On Thursday, October 29, from 7-8pm, 107 performers gathered to form a long receiving line on the front steps of the New Haven Museum. The line started at the museum’s double doors and extended to the sidewalk on Whitney Avenue. The performance was viewable to casual street traffic and individuals arriving on foot to celebrate the Opening Reception of the Artspace exhibition, Three Decades of Change, on display just inside. The performers consisted of individuals, families, and groups who reside in New Haven, but do not self-identify a constituents of any one of the many target audiences for local art events that are advertised as “free and open to the public.” The line included refugees, immigrants, people experiencing homelessness, artists, students, post-graduates, and children, as well as visitors who joined the line after walking through. By standing together, the line was intended to make highly visible the solidarity and differences that binds and separates the residents of New Haven on a daily basis.

The performance was conceived and organized through a collaborative workshop led by the preeminent Cuban artist, Tania Bruguera, and eight artists based in New Haven, including Lani Asuncion, Ifeanyi Awachie, John Edmonds, Allison Irene Hornak, David Livingston, Jason Noushin, Nick Pfaff, and Petra Szilagyi, with support from Artspace Curator, Sarah Fritchey. Artspace mounted this formal description of the performance inside the museum:

Title: Performance for the Opening Reception of Artspace’s 30th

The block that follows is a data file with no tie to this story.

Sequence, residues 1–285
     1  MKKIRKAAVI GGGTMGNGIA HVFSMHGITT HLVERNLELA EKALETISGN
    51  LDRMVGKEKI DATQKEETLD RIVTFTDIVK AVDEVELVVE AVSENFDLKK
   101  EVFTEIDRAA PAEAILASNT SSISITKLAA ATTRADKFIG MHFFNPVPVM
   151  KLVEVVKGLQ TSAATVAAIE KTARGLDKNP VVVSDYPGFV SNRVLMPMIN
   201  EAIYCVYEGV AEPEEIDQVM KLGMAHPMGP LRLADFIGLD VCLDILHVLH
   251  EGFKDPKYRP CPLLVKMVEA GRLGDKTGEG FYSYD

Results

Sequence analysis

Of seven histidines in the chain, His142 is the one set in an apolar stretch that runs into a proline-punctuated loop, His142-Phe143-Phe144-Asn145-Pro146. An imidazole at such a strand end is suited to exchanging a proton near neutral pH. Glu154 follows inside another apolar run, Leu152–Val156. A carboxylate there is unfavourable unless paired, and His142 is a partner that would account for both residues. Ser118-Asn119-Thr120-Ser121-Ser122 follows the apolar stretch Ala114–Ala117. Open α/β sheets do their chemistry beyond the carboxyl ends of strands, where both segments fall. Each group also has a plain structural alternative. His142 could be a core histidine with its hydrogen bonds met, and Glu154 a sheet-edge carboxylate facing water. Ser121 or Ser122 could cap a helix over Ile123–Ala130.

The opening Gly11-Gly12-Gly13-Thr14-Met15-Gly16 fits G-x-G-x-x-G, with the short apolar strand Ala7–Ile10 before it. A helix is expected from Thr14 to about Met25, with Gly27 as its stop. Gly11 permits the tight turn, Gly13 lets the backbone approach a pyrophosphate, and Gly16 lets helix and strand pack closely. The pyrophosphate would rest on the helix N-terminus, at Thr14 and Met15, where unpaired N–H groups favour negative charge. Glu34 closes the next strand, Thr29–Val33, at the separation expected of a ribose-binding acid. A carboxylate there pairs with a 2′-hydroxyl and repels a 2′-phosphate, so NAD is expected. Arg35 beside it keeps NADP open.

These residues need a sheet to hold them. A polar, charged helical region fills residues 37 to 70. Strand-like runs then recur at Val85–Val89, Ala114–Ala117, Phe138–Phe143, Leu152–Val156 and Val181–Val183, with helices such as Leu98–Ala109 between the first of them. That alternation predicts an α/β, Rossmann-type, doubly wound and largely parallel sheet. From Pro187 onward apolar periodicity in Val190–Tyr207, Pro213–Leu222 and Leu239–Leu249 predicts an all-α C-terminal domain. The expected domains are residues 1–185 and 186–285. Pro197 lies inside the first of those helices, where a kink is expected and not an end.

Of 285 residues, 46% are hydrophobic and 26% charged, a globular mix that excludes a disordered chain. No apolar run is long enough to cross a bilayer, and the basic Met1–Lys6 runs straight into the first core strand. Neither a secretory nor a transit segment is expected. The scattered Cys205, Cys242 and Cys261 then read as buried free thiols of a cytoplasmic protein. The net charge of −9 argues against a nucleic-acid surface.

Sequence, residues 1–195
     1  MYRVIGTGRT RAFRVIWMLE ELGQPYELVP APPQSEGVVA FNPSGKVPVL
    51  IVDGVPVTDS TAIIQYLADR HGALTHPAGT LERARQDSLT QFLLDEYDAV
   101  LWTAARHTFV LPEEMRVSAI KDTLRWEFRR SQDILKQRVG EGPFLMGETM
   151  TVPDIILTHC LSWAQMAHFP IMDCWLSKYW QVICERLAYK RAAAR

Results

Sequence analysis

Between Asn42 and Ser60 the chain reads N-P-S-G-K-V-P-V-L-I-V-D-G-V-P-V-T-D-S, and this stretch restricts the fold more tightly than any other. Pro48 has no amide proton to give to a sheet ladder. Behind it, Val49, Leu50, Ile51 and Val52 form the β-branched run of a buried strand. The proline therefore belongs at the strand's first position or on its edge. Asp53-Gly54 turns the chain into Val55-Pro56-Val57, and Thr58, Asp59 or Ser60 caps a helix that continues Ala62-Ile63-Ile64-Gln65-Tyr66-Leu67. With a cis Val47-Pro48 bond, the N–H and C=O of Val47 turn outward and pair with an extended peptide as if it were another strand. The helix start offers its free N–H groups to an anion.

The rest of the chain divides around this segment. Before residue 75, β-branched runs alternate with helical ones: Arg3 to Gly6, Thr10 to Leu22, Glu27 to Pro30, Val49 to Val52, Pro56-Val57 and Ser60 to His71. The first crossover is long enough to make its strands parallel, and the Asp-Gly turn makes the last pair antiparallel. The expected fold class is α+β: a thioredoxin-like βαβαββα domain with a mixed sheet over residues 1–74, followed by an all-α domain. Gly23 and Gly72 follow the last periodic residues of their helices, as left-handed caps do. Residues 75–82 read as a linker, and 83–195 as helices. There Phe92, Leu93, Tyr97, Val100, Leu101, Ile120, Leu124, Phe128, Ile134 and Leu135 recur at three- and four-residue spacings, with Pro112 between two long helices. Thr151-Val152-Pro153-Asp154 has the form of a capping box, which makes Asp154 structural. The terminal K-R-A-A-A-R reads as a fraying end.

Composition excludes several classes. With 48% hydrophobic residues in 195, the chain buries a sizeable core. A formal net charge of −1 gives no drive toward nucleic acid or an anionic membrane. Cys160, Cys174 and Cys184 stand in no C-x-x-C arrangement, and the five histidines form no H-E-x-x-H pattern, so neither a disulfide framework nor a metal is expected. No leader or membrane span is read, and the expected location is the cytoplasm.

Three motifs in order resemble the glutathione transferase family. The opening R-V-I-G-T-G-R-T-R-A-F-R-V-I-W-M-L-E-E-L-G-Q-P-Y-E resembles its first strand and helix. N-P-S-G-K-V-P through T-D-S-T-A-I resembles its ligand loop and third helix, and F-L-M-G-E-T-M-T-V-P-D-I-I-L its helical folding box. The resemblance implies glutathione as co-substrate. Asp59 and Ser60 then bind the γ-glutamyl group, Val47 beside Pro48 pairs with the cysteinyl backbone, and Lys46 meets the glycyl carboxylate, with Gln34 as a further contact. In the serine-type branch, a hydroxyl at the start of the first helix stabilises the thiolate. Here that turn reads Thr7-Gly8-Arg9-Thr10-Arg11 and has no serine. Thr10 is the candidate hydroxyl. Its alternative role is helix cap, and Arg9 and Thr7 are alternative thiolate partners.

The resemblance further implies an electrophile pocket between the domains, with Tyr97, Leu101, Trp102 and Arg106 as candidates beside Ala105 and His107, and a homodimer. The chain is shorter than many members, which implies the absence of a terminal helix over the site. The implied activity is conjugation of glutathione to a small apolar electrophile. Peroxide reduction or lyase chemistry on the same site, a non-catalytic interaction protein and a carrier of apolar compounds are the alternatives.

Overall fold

Anniversary Exhibition at The New Haven Museum

Date: October 29, 2015

Duration: 1 hour

The line you met outside was us. We are participants in this city. New Haven inhabits us. We work and live in its sectors. We hustle, day dream, work day jobs. Some of us are students, and some of us were, once, or would be. We are talking. We read. We spend time on The Green. We look out through windows.

We walk the streets and watch. We are aware of each other, and tonight we receive you, en masse, so that you are aware of us. Perhaps you came to The New Haven Museum looking to honor an art institution, perhaps you came to reconnect with old friends. Either way, to join the reception you had to encounter our reception first, which may have looked like two New Haven community members making eye contact, or shaking hands.

Perhaps you wished we weren’t there; you didn’t want to approach. Or maybe the gesture of our solidarity and differences attracted you, and you thought to join us. Either way, you did not pass through the museum doors unacknowledged. Within the line, our eyes met and hands touched.”


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